Ruthless approach needed in gold hunt
Amy Williams, who wasn't born when Britain last won an individual gold medal at the Winter Olympics, smashed the field in the bizarrely named skeleton bob to win by more than half a second after four rounds of death-defying sliding at 90 miles per hour.
For late night TV sports junkies, the skeleton bob is one of those peculiar Olympic events, watched once every four years, that become absolutely compelling for 24 hours and are then forgotten as soon as something more exotic comes along. But for that brief moment in time the bob has you in its grip. The speeds are frightening, particularly since the Whistler course has already claimed one life, and the impacts shuddering when a slider veers marginally off line and smashes her shoulder into the wall.
There is, of course, no earthly reason why Britain should win gold in the skeleton bob, or even silver as it did at the previous Olympics. No earthly reason, that is, other than money. And planning. And supremely talented athletes. When the funding for Britain's winter Olympic sports was divvied up, skeleton bob received £2m of the total fund of £6m. It was hugely disproportionate, provoking dismay and envy from the other sports, but the money was consciously diverted to a discipline in which the British thought they had a genuine chance of winning gold.
Since then Williams and Shelley Rudman, her team-mate and silver medallist in Turin, have had the best training money can buy. Others have suffered in their wake -- Snowsport GB, which ran alpine skiing and snowboarding, went into administration just before the Games -- but there can be no denying the success the money delivered for Williams and skeleton bob (Rudman finished just outside the medals).
The message is clear: if medals are what you want, then funding decisions have to be ruthless. No one can claim (with a straight face, at least) that Williams' victory will lead to a surge in participation in skeleton bob or any other winter sports: the sole objective was to win gold because winning gold is deemed a good thing, an end in itself.
As a policy, it is elitist, performance driven and single-minded -- like top-level sport. It also allows a clear distinction to be drawn between the twin objectives of sports policy: increasing participation in sports generally, and pursuing success at the elite level. One is nakedly, unashamedly selective, the other all-inclusive.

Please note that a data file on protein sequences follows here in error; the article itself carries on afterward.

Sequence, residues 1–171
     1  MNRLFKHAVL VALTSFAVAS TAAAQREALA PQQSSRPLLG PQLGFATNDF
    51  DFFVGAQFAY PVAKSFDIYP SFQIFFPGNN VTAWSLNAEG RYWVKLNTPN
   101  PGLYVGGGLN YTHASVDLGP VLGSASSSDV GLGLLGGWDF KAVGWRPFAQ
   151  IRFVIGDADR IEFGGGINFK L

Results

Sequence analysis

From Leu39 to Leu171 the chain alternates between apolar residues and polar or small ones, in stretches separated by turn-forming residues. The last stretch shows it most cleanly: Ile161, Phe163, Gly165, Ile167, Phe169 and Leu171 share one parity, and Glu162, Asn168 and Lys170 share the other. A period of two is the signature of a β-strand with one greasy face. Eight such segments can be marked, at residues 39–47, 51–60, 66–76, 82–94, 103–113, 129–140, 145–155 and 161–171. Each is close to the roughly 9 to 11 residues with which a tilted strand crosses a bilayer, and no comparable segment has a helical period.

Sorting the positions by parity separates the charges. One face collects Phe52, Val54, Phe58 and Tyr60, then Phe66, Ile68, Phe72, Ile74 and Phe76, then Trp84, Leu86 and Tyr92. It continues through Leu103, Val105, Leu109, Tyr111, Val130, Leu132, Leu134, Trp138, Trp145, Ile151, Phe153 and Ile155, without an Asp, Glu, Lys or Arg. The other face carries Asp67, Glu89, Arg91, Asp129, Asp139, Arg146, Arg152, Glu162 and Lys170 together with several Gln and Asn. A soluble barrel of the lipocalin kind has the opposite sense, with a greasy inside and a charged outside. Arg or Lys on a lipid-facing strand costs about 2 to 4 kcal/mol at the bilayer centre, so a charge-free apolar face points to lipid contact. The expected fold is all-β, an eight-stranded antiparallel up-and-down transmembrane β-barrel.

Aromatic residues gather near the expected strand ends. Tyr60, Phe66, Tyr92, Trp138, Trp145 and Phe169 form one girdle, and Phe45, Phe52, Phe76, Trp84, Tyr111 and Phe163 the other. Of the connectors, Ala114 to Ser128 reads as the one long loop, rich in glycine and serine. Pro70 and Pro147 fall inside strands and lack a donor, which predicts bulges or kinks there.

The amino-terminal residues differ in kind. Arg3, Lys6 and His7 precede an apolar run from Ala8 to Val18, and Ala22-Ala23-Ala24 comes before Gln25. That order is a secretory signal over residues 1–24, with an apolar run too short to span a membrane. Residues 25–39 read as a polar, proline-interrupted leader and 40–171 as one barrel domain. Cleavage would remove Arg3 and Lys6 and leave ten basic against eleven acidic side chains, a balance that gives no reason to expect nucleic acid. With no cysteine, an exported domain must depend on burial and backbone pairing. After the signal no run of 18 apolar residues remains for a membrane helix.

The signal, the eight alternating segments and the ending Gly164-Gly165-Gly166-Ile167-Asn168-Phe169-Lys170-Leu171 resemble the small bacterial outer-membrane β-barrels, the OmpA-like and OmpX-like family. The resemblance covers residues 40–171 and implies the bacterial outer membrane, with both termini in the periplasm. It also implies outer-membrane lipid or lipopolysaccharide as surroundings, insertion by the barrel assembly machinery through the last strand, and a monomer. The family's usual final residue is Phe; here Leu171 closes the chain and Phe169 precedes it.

In Ireland we take a different approach, neither ruthless enough on elite sports nor determined enough on participation. Public money is handed out to hundreds of athletes across many disciplines, with hard choices avoided. Boxing, for example, received the most money last week from the Irish Sports Council -- €700,000 of the €5.7m handed out to 16 sports organisation, with individual boxers receiving a further €460,000 of the €2.7m handed out to athletes and development squads. It is without doubt our most successful Olympic sport, one where medals have been won and future medals can be targeted, but there is no hint of disproportionate funding. Doubling the funding to boxing and stripping away funding from dimmer medal prospects would be the logical step if we were deadly serious about elite success. Similar ruthlessness could be applied to individuals -- we could give Derval O'Rourke, a proven winner and medal prospect, triple her current funding of €40,000 a year, similarly Kelly Proper (pictured), who received €12,000. But that would mean funding six, not 18 athletes, or dropping a number of our so-called elite sports from the list.
The decisions are not easy, but for the moment we fall between two stools. Taxpayers' money is scattered across sports and athletes, ostensibly in the name of elite sport. Yet success eludes us (strip away boxers and drug cheats and Ireland's Olympic performances are a catalogue of failure) precisely because we spread our funds too thinly and refuse to ruthlessly target winners.
Eamonn Coghlan, the head of the Irish Sports Council High Performance committee, has made a step in the right direction this year with quarterly assessments for State-aided athletes, but that is a change of process rather than approach. Success demands ruthless focus because otherwise we have the worst of all worlds: high spending, low ambition.
Amy Williams has shown what money can buy, and at what cost. If we do not want to take that approach then we should stop pretending that we are in the business of funding elite sports. All we are doing is part-funding elite participation without giving our very few genuine contenders the wherewithal to compete with the best in the world. It is an approach that promises excellence but delivers mediocrity and contributes to the sense that ISC does not have a firm grip on either side of its remit.